The 12+12 Books of Christmas #8

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It is a shame that Silmät ilman kasvoja: Kauhu filosofiana (“Eyes Without a Face: Horror as Philosophy”) by Tapani Kilpeläinen is not yet available in English. Anyone who has enjoyed the utter darkness and bleakness of Thomas Ligotti’s prose will enjoy Kilpeläinen’s musing on the impenetrability of the essence of horror. After a book on suicide, he has chosen a slightly (but only slightly) more cheerful subject. The exciting thing about his new book is that it is also a deep thought experiment on what can be accomplished by literary theory and criticism.

At times Kilpeläinen sounds almost condescending: “There are limits to argumentation. If the reader clings to the idea that human beings possess free will and are thus absolute masters of their own fate, I cannot help you.” At other times he faces impasses in thought stoically and without bullshitting the reader into thinking a new philosophical door is opened for every one that is closed: “The fundamental absurdity of existence merely is.” The effect is aesthetically pleasing, but one begins to question the point of the exercise, especially when the author cannot help but mention its pointlessness on every other page.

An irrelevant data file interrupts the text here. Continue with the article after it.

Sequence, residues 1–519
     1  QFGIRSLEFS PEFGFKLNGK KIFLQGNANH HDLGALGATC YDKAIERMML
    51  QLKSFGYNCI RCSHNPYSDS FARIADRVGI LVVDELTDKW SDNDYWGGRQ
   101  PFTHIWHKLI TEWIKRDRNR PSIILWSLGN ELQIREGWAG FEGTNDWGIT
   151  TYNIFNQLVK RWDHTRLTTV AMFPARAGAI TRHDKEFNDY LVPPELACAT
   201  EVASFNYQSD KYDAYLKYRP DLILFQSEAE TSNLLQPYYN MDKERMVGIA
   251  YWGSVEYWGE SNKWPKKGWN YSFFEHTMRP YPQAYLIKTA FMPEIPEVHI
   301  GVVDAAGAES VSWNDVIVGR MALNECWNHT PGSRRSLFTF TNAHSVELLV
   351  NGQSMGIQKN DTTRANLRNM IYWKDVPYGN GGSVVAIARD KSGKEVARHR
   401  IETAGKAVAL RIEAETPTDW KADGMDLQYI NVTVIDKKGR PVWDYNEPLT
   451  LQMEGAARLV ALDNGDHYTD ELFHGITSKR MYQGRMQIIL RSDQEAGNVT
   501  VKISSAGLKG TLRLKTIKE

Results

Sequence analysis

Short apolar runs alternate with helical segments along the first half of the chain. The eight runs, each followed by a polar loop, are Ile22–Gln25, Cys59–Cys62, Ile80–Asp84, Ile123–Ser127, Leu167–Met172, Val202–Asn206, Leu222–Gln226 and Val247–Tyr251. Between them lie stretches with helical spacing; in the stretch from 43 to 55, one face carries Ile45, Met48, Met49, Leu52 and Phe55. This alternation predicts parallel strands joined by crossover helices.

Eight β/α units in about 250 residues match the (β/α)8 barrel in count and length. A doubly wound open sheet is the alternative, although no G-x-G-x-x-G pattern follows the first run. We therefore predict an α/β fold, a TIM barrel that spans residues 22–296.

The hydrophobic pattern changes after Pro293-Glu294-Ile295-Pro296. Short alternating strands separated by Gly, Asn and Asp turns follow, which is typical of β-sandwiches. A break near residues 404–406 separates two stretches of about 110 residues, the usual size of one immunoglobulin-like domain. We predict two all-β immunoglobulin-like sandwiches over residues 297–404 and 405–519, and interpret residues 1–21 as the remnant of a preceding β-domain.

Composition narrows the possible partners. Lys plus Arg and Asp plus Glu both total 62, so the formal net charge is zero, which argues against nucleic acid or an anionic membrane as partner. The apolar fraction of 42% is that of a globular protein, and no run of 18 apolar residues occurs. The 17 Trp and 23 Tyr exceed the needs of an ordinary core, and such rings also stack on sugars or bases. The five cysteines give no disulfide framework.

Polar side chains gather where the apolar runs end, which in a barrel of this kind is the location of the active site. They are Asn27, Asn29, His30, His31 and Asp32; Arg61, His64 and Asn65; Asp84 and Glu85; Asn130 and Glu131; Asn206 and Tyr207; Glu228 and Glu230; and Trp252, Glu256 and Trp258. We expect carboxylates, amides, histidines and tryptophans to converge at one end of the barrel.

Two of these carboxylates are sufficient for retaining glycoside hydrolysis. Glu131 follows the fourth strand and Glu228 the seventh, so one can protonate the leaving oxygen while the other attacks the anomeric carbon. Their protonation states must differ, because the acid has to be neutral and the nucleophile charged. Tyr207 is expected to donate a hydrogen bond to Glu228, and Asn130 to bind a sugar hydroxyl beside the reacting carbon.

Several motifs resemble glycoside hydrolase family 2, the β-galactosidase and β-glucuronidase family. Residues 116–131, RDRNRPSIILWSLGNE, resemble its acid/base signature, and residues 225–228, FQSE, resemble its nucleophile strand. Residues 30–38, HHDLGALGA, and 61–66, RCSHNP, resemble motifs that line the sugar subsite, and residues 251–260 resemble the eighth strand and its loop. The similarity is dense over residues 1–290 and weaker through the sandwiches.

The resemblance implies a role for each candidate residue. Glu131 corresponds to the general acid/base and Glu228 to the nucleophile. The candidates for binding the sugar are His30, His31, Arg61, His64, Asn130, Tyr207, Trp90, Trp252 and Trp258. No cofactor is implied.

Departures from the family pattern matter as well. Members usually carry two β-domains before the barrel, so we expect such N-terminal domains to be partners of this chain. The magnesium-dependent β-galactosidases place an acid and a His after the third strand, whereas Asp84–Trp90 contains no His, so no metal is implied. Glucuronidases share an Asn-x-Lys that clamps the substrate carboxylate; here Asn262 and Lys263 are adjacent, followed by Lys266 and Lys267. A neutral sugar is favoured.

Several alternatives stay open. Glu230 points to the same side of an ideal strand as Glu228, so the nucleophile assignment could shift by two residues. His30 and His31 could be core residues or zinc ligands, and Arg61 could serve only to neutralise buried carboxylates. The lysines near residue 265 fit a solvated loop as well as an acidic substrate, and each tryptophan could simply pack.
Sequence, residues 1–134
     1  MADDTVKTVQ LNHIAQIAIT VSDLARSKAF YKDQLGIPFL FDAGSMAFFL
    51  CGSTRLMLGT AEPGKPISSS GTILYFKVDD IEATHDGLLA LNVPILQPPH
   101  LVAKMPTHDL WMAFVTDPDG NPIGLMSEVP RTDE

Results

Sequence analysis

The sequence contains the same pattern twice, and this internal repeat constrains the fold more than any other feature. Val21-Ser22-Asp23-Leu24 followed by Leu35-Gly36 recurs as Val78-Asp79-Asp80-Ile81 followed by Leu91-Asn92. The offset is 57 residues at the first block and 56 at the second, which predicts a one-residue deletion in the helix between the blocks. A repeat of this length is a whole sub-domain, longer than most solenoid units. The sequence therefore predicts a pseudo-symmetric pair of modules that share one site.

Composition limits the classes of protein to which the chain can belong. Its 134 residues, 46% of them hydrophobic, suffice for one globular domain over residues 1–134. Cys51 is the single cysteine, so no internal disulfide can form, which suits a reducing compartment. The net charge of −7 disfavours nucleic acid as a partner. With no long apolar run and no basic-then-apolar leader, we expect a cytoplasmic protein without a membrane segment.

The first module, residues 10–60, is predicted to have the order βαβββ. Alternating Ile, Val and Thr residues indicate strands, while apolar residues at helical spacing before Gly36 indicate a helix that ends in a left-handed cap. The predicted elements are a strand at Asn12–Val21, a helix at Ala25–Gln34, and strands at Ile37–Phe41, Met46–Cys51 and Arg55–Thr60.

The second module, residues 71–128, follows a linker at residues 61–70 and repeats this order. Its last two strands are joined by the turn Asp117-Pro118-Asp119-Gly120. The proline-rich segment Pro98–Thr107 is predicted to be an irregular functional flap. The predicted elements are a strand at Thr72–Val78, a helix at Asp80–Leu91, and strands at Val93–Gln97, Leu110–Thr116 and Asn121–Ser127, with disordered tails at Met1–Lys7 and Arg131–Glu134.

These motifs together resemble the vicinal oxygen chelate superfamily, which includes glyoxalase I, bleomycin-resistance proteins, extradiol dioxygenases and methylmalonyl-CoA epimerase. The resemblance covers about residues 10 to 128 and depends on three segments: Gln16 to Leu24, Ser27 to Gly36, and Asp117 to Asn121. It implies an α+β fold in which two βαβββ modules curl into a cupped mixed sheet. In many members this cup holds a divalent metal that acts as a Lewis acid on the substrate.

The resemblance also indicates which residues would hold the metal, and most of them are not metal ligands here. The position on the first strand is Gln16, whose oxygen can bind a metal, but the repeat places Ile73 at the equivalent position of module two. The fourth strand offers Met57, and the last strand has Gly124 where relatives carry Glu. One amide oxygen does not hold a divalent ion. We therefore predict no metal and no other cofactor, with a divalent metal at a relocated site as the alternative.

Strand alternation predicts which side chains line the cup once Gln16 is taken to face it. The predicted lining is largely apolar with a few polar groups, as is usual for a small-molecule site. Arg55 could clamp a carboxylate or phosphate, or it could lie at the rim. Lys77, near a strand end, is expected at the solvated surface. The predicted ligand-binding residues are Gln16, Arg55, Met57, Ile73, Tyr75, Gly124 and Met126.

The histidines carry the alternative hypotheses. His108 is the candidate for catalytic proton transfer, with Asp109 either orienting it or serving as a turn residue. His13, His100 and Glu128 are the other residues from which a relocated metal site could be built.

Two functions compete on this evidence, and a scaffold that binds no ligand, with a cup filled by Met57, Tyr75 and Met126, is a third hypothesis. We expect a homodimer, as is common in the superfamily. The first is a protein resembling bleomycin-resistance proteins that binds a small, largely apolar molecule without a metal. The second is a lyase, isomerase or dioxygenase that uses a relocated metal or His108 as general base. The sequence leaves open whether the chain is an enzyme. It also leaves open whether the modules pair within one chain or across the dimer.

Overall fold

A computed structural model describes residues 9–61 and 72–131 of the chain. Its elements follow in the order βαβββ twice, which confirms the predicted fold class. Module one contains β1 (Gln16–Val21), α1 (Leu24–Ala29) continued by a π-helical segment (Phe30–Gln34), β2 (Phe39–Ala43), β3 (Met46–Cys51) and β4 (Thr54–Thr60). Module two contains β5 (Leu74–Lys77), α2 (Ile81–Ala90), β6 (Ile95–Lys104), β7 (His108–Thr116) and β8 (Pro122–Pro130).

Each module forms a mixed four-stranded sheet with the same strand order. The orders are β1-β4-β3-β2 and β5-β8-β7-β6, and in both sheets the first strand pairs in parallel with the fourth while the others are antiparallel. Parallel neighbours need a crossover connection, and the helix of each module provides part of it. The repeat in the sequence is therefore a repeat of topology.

For Kilpeläinen, theories are constructions designed to reflect their own structure in whatever materials they happen to study. This may sound cynical to those not involved in literary theory, but it’s actually a fairly common idea in this particularly cynical field. Is it the case that his work–a desperate grasping for straws in a meaningless abstract space of empty ideas–also echoes the interplay between literary theory and literature? Because there is no point in resorting to a puerile tu quoque, I’ll just say: maybe. The inability to preserve the experience of horror in concepts and words is real–conceptualization destroys the thing it conceptualizes. Accusations of hypocrisy are avoided by being upfront about the theoretical basis of the work. Anyone trying to swing a punch will hit empty air. Kilpeläinen is a ghost.

I’m writing this in my office after the final session of my Eng lit course on nihilism and modernity. I have thought about ghosts and nothingness a lot in the past few months. Sometimes I have found myself in an odd state of not caring whether I am or not, perhaps like a ghost. To make it clear, this is not what depressed or suicidal people feel when they do not care whether they live or die. This is something completely different. If those are the times when you look into the abyss and the abyss looks back at you, sign me up for more. If this is the result of reading literature and literary theory around the subject, I want more books for Christmas.

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